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Paper 2 - Mason 1 Jonathan B. Mason April 18, 2007 HY 203...

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Mason 1 Jonathan B. Mason April 18, 2007 HY 203 Joshua Rothman Differences Around the Nation In the first decades after the Constitution was ratified, there were several major issues faced by the United States. All of these issues had different roots of conflict and occurred in different parts of the country. The removal of southeastern Indians was caused mostly by ideological disagreements, while the Whiskey Rebellion in Pennsylvania was caused by problems of a more political nature and the construction of the Erie Canal through New York faced many moral obstacles. After the American Revolution, the sense of revolution against established government carried on into the first years after the establishment of the United States. This idea manifested itself again in the Whiskey Rebellion, which pitted western Pennsylvania farmers against the federal government. The main cause in this rebellion was the different political ideas coming from the farmers on the frontier and the politicians in Philadelphia. This difference in political opinion was mainly caused by the tax Congress placed on whiskey by passing the whiskey excise of 1791 ( The Whiskey Rebellion p. 27) This tax was implemented to pay the debts the United States had incurred during the Revolutionary War. Farmers on the frontier, mainly in western Pennsylvania, were upset at this act because they had no way of getting their crops to market other than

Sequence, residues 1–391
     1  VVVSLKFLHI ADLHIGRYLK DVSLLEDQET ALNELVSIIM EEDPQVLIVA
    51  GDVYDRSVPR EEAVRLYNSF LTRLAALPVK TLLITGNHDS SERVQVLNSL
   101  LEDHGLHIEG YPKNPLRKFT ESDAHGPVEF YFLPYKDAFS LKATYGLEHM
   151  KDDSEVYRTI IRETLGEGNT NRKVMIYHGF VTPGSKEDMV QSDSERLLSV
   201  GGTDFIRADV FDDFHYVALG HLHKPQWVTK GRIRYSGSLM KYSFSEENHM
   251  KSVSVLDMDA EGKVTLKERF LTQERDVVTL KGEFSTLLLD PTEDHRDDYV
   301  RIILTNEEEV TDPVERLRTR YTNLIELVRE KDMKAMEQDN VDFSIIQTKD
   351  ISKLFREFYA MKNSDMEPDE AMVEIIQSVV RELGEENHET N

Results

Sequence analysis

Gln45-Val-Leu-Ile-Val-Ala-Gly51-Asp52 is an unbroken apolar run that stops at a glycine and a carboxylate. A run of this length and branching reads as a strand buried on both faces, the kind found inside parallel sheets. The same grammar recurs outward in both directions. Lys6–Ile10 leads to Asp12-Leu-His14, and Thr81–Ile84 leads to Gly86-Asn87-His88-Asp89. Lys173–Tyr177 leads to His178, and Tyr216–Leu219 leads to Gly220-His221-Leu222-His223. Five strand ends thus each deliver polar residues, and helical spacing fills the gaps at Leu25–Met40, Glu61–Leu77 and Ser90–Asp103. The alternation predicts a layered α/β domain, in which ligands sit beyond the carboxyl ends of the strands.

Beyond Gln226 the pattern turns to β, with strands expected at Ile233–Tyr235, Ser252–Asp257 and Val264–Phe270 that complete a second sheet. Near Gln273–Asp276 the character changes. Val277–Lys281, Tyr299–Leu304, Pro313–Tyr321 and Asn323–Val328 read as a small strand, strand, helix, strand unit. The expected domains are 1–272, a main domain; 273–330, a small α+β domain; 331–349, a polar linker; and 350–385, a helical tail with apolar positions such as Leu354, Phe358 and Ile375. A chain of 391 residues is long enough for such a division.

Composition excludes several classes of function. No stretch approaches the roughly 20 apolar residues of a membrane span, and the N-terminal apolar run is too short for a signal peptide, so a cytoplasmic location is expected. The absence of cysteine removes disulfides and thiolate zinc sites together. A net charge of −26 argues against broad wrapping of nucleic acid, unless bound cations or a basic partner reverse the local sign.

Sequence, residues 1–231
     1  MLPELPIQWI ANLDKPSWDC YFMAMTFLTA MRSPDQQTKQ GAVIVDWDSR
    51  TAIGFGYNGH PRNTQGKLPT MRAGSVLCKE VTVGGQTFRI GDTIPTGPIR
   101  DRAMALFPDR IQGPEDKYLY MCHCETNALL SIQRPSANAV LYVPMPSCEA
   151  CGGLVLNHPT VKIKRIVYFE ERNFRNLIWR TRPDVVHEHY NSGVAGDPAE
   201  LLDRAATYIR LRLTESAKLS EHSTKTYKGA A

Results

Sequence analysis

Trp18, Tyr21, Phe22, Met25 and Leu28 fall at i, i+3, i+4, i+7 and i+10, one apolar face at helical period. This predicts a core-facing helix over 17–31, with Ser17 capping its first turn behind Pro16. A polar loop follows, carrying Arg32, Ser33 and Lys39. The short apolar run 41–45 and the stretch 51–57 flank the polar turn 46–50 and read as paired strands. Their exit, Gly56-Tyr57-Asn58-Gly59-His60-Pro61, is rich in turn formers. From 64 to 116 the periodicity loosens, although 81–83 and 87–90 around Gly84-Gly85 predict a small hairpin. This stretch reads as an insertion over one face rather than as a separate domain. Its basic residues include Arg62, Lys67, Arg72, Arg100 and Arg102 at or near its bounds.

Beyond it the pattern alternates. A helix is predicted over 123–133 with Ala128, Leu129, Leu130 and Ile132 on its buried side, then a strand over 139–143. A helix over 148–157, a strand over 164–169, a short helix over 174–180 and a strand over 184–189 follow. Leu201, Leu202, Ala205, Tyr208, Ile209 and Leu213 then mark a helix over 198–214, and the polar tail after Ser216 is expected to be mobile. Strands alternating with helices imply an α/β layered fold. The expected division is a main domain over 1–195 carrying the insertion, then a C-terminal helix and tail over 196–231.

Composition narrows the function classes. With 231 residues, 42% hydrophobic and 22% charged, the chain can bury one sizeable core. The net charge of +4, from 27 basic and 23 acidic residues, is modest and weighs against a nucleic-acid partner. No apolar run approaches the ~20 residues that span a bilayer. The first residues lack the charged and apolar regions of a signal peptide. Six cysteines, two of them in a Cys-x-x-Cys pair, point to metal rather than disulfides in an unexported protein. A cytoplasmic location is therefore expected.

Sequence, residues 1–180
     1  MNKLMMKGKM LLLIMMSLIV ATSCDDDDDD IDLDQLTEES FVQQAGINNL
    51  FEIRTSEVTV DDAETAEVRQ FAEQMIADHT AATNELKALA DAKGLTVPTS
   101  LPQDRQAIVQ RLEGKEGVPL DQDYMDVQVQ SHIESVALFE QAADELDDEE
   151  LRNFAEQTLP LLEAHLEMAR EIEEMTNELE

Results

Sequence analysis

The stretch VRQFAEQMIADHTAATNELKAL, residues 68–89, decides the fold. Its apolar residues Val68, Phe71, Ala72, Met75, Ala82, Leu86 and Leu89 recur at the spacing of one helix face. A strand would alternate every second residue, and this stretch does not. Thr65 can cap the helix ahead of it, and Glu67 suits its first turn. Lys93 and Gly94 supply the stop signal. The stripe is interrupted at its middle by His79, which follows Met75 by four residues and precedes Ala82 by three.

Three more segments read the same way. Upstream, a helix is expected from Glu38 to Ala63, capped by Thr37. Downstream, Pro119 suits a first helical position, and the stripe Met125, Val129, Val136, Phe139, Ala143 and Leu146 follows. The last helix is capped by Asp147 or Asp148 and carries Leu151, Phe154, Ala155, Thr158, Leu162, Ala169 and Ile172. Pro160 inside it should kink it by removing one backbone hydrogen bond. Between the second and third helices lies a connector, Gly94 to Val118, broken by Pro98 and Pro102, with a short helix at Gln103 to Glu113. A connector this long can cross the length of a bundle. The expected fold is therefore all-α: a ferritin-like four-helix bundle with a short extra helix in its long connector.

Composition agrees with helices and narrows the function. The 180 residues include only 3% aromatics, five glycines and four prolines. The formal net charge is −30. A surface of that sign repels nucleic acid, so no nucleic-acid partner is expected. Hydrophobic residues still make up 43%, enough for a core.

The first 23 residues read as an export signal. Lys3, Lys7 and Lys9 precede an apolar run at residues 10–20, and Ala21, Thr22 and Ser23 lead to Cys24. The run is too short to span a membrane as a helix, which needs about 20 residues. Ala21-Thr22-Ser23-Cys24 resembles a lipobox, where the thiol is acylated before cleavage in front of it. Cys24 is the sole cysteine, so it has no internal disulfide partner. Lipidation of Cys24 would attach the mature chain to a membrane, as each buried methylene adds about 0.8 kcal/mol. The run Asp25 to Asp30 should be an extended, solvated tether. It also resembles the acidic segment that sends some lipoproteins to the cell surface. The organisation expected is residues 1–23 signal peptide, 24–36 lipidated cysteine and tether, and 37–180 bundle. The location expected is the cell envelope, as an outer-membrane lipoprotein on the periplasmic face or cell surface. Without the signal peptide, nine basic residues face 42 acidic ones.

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Mason 2 turning their grain and corn into whiskey because otherwise they would ruin before they could be sold. These farmers saw the Whiskey Act as a tax placed directly on them, even though they had no direct representation in Congress. The farmers affected by the tax would have been much more willing to pay but they were getting no services from the government in return, such as protection from Indians on the frontier. The concerns of these farmers regarding the competencies of the federal government were stated in The Whiskey Rebellion by saying, “To the frontiersmen, it seemed the government was very competent ‘to every end but that single one by which alone it can benefit us, the protection of our territorial rights. It is competent to exact obedience but not to make that
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This note was uploaded on 04/14/2008 for the course HY 203 taught by Professor Rothman during the Spring '07 term at Alabama.

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Paper 2 - Mason 1 Jonathan B. Mason April 18, 2007 HY 203...

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